A Guide to the U.S. Marine Corps NCO Sword
The Marine NCO sword serves as the symbol of authority and leadership of the United States Marine Corps noncommissioned officers. Used for ceremonial purposes, it is the second oldest military sword still in service in the U.S.
Learn more about its characteristics, history, and how it compares to the Mameluke sword of the Marine Officers.
Characteristics of the Marine Corps NCO Sword
The present-day USMC NCO sword was based on the 1850 Foot Officer’s Sword, with minor alterations. When choosing a ceremonial sword, opt for a well-balanced, serviceable weapon.
Here are the characteristics of the Marine NCO sword:
Metal and Construction
The Marine Corps Systems Command approves sword manufacturers that meet the requirements. Some suppliers, such as Atlanta Cutlery etch the certification number on the spine of the blade. As a ceremonial sword, the NCO saber has an unsharpened blade, often a carbon steel or stainless steel blade.
The Marine NCO sword has a single-edged blade with a slight curvature and nearly appears straight. However, blade configuration and etching vary slightly in earlier swords.
1850 Foot Officer’s Sword
The 1850 Foot Officer’s Sword which the NCO sword is based on generally has a broader blade with wide and narrow fullers. It also featured the U.S. etching on the reverse part of the blade.
Earlier Marine NCO Swords
The earlier NCO swords are identical to the 1850 Foot Officer’s sword, but it features the U.S.M.C etching on the reverse part of the blade.
Later Marine NCO Swords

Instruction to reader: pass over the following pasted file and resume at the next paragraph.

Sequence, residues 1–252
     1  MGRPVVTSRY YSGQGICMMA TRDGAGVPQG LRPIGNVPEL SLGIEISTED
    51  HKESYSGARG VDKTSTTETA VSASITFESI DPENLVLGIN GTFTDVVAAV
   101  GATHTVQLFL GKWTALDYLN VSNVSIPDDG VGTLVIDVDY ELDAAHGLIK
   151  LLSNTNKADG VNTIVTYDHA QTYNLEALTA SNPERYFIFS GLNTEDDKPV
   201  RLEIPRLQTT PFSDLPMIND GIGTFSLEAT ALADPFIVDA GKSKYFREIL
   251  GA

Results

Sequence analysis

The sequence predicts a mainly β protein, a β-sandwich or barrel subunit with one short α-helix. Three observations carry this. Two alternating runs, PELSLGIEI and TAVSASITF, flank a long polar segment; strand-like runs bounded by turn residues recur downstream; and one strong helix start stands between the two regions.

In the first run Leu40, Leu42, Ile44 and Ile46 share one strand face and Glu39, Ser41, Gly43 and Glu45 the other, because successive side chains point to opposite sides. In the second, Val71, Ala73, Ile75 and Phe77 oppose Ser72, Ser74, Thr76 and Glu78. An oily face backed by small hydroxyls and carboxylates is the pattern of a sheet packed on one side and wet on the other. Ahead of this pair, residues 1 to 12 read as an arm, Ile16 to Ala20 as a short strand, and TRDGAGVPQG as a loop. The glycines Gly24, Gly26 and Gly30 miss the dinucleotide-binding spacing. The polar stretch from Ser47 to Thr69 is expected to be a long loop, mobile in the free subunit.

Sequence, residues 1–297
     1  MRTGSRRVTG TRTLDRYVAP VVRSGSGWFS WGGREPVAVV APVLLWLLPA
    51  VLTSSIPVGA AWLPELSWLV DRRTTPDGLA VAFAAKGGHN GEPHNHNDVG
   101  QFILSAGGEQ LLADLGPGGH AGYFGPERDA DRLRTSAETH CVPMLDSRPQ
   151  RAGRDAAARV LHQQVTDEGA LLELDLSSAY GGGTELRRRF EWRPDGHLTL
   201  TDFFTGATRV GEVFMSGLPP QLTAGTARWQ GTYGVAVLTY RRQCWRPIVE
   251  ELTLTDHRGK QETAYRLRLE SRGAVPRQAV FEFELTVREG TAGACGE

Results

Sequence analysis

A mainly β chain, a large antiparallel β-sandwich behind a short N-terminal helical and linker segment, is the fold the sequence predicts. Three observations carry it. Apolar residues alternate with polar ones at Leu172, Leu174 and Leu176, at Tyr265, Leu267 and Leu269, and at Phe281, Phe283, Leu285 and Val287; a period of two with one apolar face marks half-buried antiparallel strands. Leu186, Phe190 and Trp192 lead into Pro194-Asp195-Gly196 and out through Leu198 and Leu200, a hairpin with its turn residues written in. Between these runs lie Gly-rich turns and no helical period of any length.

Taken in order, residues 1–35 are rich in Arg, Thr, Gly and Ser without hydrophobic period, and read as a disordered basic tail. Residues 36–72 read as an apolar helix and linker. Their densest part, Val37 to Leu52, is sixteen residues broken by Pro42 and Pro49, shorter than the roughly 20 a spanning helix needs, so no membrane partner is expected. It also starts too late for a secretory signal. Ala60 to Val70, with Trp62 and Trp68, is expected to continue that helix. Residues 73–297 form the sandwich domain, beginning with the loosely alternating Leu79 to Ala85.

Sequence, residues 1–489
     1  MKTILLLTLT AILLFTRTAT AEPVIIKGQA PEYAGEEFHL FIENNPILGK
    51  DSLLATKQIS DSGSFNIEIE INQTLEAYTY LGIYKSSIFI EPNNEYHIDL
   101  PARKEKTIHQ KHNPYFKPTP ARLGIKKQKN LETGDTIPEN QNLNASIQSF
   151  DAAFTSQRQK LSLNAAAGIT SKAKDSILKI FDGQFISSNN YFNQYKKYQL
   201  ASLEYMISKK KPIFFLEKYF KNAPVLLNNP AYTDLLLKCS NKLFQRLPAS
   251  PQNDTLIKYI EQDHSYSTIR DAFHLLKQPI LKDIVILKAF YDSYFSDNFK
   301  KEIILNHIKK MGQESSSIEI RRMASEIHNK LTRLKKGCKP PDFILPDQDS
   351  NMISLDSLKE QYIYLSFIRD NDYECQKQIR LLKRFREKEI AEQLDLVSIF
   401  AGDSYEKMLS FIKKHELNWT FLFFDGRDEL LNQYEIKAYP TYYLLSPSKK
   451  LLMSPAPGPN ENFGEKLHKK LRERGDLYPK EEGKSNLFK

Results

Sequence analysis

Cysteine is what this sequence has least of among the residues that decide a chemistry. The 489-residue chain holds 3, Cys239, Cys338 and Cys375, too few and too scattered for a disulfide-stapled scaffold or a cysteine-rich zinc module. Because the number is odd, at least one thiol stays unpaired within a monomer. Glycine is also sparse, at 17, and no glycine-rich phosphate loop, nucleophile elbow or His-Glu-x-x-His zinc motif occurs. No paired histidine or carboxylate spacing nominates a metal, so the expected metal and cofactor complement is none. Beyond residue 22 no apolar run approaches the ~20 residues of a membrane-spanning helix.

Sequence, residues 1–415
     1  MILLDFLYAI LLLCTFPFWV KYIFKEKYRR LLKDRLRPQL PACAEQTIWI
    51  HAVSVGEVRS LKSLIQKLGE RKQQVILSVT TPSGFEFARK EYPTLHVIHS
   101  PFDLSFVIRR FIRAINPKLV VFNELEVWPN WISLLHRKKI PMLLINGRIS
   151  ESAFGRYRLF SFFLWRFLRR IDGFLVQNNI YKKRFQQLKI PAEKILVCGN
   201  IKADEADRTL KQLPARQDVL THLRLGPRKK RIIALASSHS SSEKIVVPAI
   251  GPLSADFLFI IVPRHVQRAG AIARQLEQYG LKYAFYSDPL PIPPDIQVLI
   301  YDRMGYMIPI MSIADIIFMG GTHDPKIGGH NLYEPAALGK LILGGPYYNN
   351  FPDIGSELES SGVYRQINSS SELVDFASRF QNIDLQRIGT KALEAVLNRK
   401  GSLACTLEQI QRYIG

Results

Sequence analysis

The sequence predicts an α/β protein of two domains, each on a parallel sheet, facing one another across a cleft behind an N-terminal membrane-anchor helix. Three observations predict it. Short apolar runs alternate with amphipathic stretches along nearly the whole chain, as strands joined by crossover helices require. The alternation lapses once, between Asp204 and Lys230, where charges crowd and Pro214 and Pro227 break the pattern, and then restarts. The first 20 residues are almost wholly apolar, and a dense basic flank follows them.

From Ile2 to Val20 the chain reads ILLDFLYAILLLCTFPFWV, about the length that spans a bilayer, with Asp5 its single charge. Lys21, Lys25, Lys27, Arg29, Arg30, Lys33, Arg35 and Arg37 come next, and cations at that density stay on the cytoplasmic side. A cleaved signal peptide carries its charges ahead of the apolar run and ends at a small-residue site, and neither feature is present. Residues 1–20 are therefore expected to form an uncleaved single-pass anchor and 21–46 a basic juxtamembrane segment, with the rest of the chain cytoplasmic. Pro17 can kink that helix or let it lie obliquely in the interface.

The later NCO swords have slender blades and wide central fuller. They also have decorative etchings with the inscription United States Marines and feature the Marine Corps emblem on both sides of the blade.
Size and Length
The Marine NCO sword has a blade length of about 66 centimeters (26 inches) or longer. However, its appropriate size is determined by the “carry sword” position. The Marine holds the sword upright with its blade leaning against his shoulder while his arm is fully extended downward. As a rule of thumb, the tip of the blade should be about eye level.
The present-day Marine NCO sword is identical to the 1850 Foot Officer’s Sword with a cast brass hilt and a half-basket sword guard. It also comes in a black leather scabbard with gilded brass mountings. However, the means of carrying the weapon varied in earlier swords.
|Differences||1850 Foot Officer’s Sword||Earlier Marine NCO Swords||Later Marine NCO Swords|
|Grip||Fish skin grip covering||Black leather grip covering||Black leather grip covering|
|Scabbard||Scabbards had a frog stud||Scabbards featured a frog stud and carrying rings||Scabbards have a frog stud|
|Sword Frog||Worn suspended from a frog attached to waist belts||Lower-ranking NCOs wore the sword in a frog while senior NCOs carried the sword on slings.||The NCOs carried their sword on slings until 1948, when regulations provided that all NCOs, regardless of rank adopt the frog.|
Today, the noncommissioned officers carry their NCO swords on a frog on the left hip, held in place using a leather belt. Generally, the service belt may be issued to NCOs and SNCOs for ceremonies, honor guards, parades, reviews, and other occasions where the sword is required.
Who Are Authorized to Use the NCO Sword in Ceremonies?
In the U.S. military, the Marine Corps is the only branch to authorize NCOs to carry a sword. The U.S. Marine Corps noncommissioned officers (NCOs) and staff noncommissioned officers (SNCOs) use their ceremonial swords in parades, reviews, and other ceremonies.
- Staff Sergeant
- Gunnery Sergeant
- Master Sergeant
- First Sergeant
- Master Gunnery Sergeant
- Sergeant Major
- Sergeant Major of the Marine Corps